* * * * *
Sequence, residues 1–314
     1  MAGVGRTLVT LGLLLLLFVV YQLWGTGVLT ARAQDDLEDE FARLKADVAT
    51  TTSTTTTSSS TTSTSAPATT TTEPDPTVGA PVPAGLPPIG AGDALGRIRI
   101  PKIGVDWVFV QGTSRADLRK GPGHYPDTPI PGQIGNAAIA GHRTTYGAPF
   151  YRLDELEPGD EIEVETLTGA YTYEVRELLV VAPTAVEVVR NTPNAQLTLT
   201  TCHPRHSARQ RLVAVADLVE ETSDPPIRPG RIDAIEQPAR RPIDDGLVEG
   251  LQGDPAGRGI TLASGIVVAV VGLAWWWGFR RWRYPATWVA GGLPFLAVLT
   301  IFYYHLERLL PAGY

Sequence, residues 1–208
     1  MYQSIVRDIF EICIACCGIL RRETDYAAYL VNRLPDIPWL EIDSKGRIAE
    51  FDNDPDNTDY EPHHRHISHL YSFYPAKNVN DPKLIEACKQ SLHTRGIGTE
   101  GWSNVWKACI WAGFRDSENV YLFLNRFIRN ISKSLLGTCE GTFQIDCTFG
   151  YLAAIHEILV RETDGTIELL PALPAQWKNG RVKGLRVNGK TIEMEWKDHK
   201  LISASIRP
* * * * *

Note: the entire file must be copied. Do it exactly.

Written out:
Sequence, residues 1–314
     1  MAGVGRTLVT LGLLLLLFVV YQLWGTGVLT ARAQDDLEDE FARLKADVAT
    51  TTSTTTTSSS TTSTSAPATT TTEPDPTVGA PVPAGLPPIG AGDALGRIRI
   101  PKIGVDWVFV QGTSRADLRK GPGHYPDTPI PGQIGNAAIA GHRTTYGAPF
   151  YRLDELEPGD EIEVETLTGA YTYEVRELLV VAPTAVEVVR NTPNAQLTLT
   201  TCHPRHSARQ RLVAVADLVE ETSDPPIRPG RIDAIEQPAR RPIDDGLVEG
   251  LQGDPAGRGI TLASGIVVAV VGLAWWWGFR RWRYPATWVA GGLPFLAVLT
   301  IFYYHLERLL PAGY

Sequence, residues 1–208
     1  MYQSIVRDIF EICIACCGIL RRETDYAAYL VNRLPDIPWL EIDSKGRIAE
    51  FDNDPDNTDY EPHHRHISHL YSFYPAKNVN DPKLIEACKQ SLHTRGIGTE
   101  GWSNVWKACI WAGFRDSENV YLFLNRFIRN ISKSLLGTCE GTFQIDCTFG
   151  YLAAIHEILV RETDGTIELL PALPAQWKNG RVKGLRVNGK TIEMEWKDHK
   201  LISASIRP